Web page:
11 FEBRUARY 1938, Page 24


SINCE a little under a year ago, when this book by the author of Caisar in Abyssinia was first announced for publication, one had looked forward eagerly to its appearance. Later, when a memorable series of dispatches from the Basque front made such an exciting splash in The Times, and when the corre- spondent of that newspaper with the Bilbao Government eloquently denounced the German bombing of Guernica and Britain's official acceptance of Franco's Biscayan blockade, one realised that Mr. Steer's forthcoming book would be authoritative and important rather than merely interesting. Excerpts from it, published in various magazines last year, showed that this remarkably gifted journalist not only cham- pioned the gallant lost cause of the Basques but suffered their defeat as a wound in the heart. They were as wronged and as guileless, he felt, as the Abyssinians ; more engaging in character, more civilised ; and they were overcome, he claimed, by the same enemy, whom he despises.

He has called his book The Tree of Gernika, after the honoured national emblem of the Basques, which has with- stood " perhaps the most terrible modern war seen in Europe." For vividness and power it exceeds any account of Goyescan disasters sent from Spain by other brilliant reporters—Delapree, Delmer, Koestler or Knickerbocker. Impressive as the ghastly testimony of an honest eye-witness, it has also the emotional appeal of sensitive and highly colourful writing. It is a fine book, violently one-sided.

No Englishman, who has so much in common with the Basque, could fail to feel keen sympathy for him in his heroic struggle against great odds ; and Mr. Steer tells a first-hand harrowing story of bloodshed which not only increases our pity for the victims of this brutal war but can be read by every man and woman of our time as his or her probable horoscope. The reader will tend to accept his prejudice as very natural and will welcome the force of its expression. Mr. Steer was on the side that was most bombed.

With him stood the Basques : an upright, handsome, friendly, God-fearing race. He watched them fight, he made their cause his own, he even fired a shot or two on its behalf. He loved them and knew their leaders well—sincere men, Basque Nationalists. He contrasts their simplicity with " the cunningness of Spain " and accepts their theory that they are not " like the Spaniards." Indeed, when accounting for the three Basque Provinces—Vizcaya, Guipuzcoa and Alava—at the outbreak of the war, he mentions only the first two, because Alava, like Navarre, which is also Basque by race, supported Franco—perhaps for the same reason, that it " faces landward, towards Castile." The Basque Nationalists, he insists, were not beaten by Spain (Mola, a Nationalist Basque, and his Requetes from Navarre), but chiefly by Italy and Germany in unfair fight and, secondly, by the cowardice of Castilian officers on the staff and Asturian allies in the field. Euzkadi was betrayed by Spain. . . . That the Basque, a brave soldier, automatically followed the example of his fellow-Spaniard, the Asturian, as soon as he was asked to fight in the Asturias does not strike Mr. Steer as revealing. It is a proof of local patriotism, not a sign of that besetting provincialism from which only one Spaniard, throughout history, has been free. Perhaps Mr. Steer prizes Welsh Nationalism above the unity of the United Kingdom. He certainly prefers the picturesque folly of Basque Nationalism to the Castilian concept of a great and single Spain. But Mr. Steer's instinctive dislike of Spain outside Vasconia (" Give me Hyde Park ") is only equal to his ignorance of it (he sometimes spells a Castilian word correctly—very seldom).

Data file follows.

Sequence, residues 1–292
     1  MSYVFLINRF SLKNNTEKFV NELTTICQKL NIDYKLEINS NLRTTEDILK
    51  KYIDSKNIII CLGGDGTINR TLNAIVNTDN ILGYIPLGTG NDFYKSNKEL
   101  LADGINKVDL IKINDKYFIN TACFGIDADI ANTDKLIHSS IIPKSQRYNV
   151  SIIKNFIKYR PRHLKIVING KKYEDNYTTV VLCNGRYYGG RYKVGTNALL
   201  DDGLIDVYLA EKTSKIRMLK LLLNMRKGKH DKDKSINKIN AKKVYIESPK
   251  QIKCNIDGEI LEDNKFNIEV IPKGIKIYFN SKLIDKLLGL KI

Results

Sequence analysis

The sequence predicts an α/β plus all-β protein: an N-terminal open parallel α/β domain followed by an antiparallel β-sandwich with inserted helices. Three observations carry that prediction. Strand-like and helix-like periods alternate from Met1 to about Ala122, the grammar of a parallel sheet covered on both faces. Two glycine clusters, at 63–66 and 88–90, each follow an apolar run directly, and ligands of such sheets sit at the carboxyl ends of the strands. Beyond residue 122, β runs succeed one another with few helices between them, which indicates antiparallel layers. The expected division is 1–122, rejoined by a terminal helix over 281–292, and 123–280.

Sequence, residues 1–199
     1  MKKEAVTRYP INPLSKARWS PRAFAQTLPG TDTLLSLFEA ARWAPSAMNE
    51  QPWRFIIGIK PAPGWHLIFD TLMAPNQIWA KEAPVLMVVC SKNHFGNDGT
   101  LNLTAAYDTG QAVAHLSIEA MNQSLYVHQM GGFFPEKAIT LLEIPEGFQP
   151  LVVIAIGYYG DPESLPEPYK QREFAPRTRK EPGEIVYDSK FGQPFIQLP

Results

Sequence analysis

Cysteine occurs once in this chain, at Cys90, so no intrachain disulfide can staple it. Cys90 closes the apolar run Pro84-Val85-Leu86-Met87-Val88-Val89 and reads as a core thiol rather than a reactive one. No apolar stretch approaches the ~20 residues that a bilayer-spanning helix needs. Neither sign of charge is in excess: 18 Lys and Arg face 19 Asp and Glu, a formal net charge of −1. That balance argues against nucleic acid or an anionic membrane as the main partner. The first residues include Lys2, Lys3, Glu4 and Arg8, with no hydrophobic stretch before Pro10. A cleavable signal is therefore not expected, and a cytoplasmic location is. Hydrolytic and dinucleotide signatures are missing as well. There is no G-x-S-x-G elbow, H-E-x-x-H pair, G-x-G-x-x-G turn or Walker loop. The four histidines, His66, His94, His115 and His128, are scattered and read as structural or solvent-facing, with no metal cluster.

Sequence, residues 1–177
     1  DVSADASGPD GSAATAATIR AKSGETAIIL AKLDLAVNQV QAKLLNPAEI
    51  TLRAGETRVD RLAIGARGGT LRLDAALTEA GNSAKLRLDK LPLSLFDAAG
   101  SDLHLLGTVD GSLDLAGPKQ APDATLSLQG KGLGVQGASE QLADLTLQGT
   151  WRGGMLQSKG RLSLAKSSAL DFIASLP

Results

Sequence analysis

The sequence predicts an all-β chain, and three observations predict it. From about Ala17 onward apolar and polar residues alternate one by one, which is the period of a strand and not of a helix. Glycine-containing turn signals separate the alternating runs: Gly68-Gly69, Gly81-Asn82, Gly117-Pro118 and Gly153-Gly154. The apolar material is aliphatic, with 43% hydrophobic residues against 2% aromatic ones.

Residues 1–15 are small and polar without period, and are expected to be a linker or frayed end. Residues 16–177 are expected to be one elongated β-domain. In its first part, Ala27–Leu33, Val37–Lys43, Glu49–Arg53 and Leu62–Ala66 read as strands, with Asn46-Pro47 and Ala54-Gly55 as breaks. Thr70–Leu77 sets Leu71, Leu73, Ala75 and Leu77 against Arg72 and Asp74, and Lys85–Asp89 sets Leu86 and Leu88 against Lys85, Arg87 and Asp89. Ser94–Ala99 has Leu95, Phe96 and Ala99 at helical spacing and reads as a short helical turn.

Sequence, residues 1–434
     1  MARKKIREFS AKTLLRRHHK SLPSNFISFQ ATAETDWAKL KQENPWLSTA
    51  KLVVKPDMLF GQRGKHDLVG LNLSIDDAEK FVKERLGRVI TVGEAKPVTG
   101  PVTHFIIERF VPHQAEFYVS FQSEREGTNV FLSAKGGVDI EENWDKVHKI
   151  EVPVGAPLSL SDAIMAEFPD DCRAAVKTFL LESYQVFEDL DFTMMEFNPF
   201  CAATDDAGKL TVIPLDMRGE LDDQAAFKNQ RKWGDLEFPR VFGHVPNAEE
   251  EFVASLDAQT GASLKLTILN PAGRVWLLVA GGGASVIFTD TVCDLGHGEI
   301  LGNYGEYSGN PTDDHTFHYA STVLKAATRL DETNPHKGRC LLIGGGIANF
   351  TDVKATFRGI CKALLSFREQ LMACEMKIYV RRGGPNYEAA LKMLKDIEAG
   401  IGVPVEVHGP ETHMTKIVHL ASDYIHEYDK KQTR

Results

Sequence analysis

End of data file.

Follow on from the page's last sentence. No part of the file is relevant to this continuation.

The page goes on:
This ignorance only partially spoils his book, for—apart from his personal experiences—his argument is humane, and Mr. Steer is a clever debater. He is most pungent on the subject of what half Europe regards as Britain's naval inter- vention in the Spanish war ; but even his least witty, his most pedagogic and propagandist sarcasms carry weight. His case against Salamanca is overwhelmingly strong on three counts : its Fascist alliance, Guernica, and the bluff of the blockade. He strengthens it by not dragging up Valencia's circumstantial claim to have sunk Franco's battleship Espana.' Moreover, he bears witness that the separatist Basque Govern- ment was able to keep order in " dear, dirty Bilbao " ; but,

though we may trust his statement that only 39o-odd prisoners were murdered there, it is hard to believe that the most fiendish of these murders were instigated by a mob of thousands " none of whom were Basque Nationalists," and we prefer not to credit his " rough official " figures for executions in neigh- bouring territory under Franco when the present Mayor of Bilbao, Sr. Areilzu, has assured Claude Farrere that of 400 men condemned in that city, only 15o were shot.

The Tree of Gernika is a magnificent war-book, with many illustrations and maps; but as a " field study " of the Basque campaign it gains in immediate realism only what it loses, as